No need to rename fileprivate; it's irrelevant to your use case and is
resurrecting a bikeshedding discussion that really needs to be put to rest.

The proposal is essentially for something like @testable for fileprivate
members. Sounds fine to me.
On Mon, Oct 17, 2016 at 09:35 Jonathan Hull via swift-evolution <
swift-evolution@swift.org> wrote:

> On Oct 16, 2016, at 3:28 PM, T.J. Usiyan <griotsp...@gmail.com> wrote:
>
> I don't like this at all and it comes down to  "what is hidden can also
> be unhidden". This, to me, feels like it would create more confusion than
> it would address.
>
> I don’t think it would cause confusion. Other languages have things like
> protected, which is currently a glaring hole in Swift’s access control.
> This addresses that without any of the complexity of friend classes, etc….
>
>
> Why not just use `internal` for `hidden` items?
>
> Because there is an important aspect of communicating the author’s intent.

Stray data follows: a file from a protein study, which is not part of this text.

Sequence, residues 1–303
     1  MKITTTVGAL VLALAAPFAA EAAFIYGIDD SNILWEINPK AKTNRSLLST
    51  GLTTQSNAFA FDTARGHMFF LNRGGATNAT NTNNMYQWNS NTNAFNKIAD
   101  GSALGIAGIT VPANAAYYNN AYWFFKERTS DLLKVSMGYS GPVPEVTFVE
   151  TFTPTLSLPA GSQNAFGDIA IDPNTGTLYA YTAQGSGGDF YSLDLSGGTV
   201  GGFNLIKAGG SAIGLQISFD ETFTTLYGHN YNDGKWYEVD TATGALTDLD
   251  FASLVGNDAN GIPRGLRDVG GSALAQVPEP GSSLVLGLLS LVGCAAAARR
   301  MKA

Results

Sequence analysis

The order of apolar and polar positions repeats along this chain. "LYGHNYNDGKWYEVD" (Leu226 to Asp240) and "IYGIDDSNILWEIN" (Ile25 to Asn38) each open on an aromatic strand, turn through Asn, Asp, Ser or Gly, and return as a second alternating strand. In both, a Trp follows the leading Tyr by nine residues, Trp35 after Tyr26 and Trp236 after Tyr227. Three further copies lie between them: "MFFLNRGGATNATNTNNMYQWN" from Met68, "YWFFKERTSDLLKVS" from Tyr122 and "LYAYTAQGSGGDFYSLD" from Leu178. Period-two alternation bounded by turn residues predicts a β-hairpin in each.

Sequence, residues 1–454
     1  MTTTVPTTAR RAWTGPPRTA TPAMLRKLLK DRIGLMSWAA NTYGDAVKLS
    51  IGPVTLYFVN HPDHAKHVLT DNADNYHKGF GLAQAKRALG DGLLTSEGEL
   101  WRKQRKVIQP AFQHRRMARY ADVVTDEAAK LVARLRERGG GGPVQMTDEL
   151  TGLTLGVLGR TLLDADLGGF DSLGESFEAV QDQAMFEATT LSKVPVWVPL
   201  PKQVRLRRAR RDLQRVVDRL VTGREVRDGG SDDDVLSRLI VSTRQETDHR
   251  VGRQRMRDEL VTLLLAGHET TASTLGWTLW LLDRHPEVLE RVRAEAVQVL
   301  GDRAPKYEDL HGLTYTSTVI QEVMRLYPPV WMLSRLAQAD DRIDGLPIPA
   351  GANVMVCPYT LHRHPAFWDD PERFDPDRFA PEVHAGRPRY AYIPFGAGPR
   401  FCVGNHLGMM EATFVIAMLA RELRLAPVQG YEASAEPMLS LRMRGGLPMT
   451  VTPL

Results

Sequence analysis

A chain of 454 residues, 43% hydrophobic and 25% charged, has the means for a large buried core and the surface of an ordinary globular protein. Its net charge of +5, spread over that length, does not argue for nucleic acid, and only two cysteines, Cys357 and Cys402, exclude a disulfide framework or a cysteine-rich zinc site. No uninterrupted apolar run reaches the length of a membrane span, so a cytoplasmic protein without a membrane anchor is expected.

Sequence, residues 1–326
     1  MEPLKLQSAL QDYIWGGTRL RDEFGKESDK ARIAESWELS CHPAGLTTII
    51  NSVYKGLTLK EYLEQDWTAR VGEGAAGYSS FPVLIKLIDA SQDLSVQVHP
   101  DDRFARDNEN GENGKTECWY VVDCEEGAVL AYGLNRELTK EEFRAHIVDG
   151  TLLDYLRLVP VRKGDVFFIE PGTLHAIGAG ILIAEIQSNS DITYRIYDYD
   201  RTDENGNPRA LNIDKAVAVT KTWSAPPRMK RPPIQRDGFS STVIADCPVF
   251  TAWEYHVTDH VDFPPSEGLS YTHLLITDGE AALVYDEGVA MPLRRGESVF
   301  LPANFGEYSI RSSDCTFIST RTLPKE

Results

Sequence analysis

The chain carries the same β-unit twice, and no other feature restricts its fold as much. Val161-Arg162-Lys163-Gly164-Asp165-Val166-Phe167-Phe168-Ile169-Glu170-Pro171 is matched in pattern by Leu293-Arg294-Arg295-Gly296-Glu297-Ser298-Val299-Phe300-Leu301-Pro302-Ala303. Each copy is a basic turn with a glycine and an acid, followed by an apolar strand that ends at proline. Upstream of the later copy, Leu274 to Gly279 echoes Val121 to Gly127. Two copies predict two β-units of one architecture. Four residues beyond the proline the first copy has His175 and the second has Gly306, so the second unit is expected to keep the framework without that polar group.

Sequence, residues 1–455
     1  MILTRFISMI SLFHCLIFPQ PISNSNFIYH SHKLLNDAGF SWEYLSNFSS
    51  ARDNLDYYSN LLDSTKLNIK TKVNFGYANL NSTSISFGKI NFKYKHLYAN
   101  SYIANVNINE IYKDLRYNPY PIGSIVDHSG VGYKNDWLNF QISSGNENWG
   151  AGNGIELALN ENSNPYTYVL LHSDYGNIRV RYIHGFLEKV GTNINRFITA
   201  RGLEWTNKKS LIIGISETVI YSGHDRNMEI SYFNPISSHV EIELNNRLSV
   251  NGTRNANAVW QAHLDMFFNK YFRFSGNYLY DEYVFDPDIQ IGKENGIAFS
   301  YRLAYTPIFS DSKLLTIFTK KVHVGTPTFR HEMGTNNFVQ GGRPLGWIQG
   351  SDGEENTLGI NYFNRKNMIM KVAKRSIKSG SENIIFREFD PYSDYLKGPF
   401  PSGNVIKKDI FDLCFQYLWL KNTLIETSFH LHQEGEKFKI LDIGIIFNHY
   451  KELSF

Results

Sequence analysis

>
> I think it is important to be able to mark things which are not meant to
> be public (and internal is essentially public in the main module), but may
> be required by extensions/subclasses. With internal, it would be easy to
> accidentally create tightly coupled structures.  With ‘hidden', it requires
> intentional annotation (via the ‘include hidden’ statement) to gain access,
> so more thought will be given to the coupling.
>
> Also, internal would prevent extensions/subclasses outside the defining
> module.  With ‘hidden’ you have an author approved way of extending a type
> (even from another module).  I can’t actually think of a single use of
> ‘fileprivate’ where my intent/need was something other than allowing
> extensions. Unfortunately, with the current model those files can get quite
> a bit bigger than is ideal from an organizational standpoint.
>
>
> If we're ok with modifying import statements, why not simply have a
> command that imports `fileprivate` stuff? (not advocating for this).
>
> From a technical perspective, that is essentially what I am proposing, but
> terminology matters.  The word fileprivate was chosen to convey that the